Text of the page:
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Leading Saints and Leatherheads

April 13, 2010

Sometimes, we can draw parallels between sports and spirituality.  As I was reading a copy of Practical Football: A Manual for Coaches, Players, and Students of the Game (1934) by former Princeton University and University of Michigan football coach, H. O. “Fritz” Crisler (“the father of two-platoon football” and the man who created the famous winged helmets which the Wolverines have worn ever since!), I was reminded that a good pastor can learn a thing or two about leading men (or women and children as the case may be) from unlikely sources.  Not only is Crisler’s manual (co-authored by his successor at Princeton, E. E. Wieman) a good introduction on the principles of blocking, tackling, and line play, but it speaks to the soul of everyman who lines up on life’s line of scrimmage preparing to get popped in the jaw.  Coaches Crisler and Wieman write:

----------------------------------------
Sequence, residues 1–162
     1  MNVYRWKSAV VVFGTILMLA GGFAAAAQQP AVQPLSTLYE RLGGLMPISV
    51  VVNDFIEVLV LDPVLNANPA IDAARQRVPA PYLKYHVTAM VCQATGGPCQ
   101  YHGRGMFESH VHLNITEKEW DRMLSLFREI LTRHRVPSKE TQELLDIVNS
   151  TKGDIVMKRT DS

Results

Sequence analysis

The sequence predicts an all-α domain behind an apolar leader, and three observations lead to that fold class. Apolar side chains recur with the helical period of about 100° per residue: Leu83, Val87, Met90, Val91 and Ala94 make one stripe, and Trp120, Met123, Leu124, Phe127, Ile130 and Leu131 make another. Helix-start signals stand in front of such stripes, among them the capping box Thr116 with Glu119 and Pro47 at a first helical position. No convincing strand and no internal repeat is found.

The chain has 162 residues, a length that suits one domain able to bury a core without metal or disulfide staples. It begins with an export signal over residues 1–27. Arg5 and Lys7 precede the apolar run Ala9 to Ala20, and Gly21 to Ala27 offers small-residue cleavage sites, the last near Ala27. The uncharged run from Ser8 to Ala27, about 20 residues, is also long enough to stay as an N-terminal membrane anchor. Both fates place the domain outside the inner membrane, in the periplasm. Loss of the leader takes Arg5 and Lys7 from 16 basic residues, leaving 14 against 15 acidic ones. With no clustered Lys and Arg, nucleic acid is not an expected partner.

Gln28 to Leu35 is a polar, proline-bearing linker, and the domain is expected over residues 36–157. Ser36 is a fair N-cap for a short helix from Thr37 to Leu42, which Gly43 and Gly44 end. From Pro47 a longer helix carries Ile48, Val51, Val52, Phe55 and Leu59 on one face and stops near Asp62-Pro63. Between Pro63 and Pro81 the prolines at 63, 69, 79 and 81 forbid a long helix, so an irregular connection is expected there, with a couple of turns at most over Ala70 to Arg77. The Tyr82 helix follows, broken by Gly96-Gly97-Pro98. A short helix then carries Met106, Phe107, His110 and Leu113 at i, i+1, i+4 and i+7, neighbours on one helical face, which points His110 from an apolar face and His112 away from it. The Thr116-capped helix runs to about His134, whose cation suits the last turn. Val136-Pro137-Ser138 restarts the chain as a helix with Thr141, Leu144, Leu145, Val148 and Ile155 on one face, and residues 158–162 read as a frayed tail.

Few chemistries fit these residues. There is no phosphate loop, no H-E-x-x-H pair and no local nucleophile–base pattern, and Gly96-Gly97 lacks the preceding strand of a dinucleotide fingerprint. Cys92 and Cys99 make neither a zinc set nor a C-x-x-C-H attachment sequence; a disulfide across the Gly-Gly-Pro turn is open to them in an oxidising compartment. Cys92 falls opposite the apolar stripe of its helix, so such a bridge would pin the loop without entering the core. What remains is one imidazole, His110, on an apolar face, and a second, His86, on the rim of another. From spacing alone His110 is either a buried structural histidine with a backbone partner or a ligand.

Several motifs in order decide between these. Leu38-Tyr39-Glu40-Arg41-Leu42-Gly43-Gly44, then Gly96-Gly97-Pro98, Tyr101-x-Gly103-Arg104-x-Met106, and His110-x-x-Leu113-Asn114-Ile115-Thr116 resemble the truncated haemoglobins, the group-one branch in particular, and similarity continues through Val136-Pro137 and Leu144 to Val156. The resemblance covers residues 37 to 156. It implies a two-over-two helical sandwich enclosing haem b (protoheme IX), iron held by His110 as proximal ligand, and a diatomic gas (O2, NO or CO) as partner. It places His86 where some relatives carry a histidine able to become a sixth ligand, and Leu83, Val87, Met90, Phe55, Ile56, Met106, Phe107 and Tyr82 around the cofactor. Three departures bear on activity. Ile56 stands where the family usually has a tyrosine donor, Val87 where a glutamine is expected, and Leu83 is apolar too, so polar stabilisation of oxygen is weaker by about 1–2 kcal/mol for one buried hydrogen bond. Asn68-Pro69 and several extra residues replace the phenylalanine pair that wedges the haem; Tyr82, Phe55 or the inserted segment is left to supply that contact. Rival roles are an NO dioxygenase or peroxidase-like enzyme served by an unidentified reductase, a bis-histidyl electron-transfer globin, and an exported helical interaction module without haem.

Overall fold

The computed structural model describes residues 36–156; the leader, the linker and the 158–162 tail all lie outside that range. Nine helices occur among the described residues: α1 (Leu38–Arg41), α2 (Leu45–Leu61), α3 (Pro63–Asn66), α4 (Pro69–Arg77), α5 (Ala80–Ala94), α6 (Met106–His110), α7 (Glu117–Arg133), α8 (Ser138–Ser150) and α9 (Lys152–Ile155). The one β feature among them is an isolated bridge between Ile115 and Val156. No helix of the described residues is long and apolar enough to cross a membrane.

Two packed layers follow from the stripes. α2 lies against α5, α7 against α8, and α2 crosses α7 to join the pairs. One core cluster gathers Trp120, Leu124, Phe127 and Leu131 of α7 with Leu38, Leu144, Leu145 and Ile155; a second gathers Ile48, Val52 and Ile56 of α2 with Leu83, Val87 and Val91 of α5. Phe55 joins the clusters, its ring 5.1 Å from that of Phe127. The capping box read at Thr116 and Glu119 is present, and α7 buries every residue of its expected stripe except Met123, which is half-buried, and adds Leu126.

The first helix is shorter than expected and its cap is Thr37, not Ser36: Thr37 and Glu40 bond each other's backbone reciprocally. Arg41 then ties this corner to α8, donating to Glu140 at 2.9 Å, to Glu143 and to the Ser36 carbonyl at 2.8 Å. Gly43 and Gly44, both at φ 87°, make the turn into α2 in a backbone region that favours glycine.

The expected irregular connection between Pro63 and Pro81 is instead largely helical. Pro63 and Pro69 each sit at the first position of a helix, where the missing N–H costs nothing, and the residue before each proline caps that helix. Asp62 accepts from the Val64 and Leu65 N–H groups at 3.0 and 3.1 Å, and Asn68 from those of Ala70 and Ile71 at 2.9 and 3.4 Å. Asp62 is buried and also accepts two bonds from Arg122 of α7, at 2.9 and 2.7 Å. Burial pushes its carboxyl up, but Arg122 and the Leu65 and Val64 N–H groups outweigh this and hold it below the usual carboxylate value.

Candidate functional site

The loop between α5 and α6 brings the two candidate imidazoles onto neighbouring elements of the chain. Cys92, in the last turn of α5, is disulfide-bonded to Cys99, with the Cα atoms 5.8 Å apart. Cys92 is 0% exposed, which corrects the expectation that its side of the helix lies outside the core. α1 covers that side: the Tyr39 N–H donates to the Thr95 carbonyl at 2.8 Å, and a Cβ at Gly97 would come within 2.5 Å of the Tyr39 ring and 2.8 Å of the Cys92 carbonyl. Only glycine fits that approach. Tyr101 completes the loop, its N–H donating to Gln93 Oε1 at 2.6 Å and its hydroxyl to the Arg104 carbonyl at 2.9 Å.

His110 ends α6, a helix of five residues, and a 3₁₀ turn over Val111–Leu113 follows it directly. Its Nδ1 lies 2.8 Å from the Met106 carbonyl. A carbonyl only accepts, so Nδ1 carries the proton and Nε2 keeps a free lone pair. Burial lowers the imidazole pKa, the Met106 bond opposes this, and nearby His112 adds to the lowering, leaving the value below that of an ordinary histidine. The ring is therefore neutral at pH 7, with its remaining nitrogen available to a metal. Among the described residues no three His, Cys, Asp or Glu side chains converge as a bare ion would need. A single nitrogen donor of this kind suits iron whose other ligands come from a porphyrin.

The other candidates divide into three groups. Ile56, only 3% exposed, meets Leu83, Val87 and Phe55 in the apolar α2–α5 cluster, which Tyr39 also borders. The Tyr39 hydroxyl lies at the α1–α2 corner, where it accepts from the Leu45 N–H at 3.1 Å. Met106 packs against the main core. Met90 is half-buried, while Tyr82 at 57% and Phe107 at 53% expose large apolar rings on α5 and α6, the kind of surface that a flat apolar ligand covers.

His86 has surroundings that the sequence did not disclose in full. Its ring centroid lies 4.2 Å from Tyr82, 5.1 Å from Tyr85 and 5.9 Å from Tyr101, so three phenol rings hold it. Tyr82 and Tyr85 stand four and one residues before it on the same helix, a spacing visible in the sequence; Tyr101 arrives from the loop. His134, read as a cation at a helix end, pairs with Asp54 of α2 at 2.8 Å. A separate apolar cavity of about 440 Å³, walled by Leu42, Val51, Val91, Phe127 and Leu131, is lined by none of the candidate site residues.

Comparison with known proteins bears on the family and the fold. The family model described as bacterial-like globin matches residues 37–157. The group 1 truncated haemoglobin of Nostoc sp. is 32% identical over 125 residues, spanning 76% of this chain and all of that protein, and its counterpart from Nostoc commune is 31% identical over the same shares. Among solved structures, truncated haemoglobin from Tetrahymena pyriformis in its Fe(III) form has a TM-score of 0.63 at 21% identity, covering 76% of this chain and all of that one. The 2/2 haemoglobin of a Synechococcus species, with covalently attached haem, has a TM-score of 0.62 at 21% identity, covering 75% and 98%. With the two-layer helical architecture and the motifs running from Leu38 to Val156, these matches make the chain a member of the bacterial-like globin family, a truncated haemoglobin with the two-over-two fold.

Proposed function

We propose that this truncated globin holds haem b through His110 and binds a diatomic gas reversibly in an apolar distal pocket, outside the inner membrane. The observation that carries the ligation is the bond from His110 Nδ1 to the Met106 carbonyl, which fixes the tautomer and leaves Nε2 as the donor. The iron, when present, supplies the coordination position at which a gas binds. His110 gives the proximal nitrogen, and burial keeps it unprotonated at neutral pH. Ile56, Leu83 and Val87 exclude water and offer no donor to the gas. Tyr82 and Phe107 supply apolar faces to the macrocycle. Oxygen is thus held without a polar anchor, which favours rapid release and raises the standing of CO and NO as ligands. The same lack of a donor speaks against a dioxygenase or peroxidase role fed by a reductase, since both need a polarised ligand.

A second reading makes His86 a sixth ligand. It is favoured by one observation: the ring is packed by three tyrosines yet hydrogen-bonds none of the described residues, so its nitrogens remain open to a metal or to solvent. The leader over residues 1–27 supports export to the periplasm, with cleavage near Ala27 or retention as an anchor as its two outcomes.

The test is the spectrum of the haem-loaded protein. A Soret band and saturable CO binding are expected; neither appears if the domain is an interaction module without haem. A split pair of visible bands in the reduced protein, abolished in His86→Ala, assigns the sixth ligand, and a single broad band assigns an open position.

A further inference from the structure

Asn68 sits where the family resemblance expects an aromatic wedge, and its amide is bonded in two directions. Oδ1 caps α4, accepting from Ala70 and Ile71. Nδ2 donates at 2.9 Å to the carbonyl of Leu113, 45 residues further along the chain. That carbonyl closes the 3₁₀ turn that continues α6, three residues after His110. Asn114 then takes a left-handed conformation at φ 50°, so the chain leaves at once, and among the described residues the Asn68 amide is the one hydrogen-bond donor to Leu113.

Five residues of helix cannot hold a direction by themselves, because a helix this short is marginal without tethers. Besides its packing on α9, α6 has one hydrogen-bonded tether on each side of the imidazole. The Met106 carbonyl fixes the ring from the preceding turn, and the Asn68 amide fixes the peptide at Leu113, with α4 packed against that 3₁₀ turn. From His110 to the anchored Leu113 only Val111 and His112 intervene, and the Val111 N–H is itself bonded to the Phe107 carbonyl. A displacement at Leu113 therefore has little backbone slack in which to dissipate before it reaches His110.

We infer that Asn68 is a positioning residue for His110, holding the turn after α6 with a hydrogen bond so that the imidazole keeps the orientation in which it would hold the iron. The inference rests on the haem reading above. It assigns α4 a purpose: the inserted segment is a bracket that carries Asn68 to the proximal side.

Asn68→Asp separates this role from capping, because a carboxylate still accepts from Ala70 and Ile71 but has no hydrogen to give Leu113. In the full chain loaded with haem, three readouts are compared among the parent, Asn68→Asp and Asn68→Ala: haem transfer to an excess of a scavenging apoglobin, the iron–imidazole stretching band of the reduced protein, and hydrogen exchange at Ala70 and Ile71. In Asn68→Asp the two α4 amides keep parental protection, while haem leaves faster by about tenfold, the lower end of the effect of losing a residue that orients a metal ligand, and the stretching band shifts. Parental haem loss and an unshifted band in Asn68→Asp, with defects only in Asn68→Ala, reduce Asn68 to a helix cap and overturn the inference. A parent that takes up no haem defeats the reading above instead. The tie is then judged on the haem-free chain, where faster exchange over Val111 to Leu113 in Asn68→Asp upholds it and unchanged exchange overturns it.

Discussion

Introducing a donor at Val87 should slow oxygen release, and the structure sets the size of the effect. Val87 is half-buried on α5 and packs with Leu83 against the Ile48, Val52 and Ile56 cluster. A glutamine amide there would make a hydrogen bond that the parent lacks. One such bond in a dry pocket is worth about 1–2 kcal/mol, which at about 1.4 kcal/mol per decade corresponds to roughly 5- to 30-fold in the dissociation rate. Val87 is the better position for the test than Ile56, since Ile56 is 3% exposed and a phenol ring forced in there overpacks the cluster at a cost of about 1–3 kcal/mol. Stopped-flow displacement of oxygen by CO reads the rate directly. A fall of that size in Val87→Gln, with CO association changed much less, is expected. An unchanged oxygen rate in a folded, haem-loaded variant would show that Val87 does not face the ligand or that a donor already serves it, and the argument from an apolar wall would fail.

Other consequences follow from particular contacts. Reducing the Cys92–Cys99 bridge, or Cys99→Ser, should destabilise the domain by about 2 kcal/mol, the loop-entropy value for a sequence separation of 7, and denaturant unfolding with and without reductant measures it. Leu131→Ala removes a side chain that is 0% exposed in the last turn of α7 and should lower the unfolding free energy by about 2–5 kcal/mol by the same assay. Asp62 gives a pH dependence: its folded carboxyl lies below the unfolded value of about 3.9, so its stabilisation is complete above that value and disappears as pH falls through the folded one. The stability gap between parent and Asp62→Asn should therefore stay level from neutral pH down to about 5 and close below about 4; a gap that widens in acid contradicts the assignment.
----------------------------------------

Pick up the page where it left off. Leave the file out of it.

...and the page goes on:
No two men are exactly alike.  Each is an individual human being and the coach must know him as a person. . . . The best way to handle one man may be the worst way to handle another.  Some men must be “ridden” to get the best work from them.  Other men need encouraging and will have their spirit broken if too often criticized. . . . The coach must be most careful in his criticism and commendation.  He should not make general sweeping criticisms unless they apply to everyone.  Nothing takes the heart out of a man more than to be criticized for something which he knows he did properly.  Much correction is necessary and no coach should hesitate to criticize freely, but he should be sure that the criticism is applicable.  He should pick out the men who are at fault, tell them their mistakes, and what they should have done.  He should be particular and specific and should not “ride” the whole squad when there are only two or three men at fault.

Pages 238-240

How often do pastors damage their ministry by condemning the whole of their flock when only a few of the sheep need to be sheared?

One Comment leave one →
  1. April 13, 2010 5:06 pm

    It’s a sporting trend here at Standing on Shoulders!

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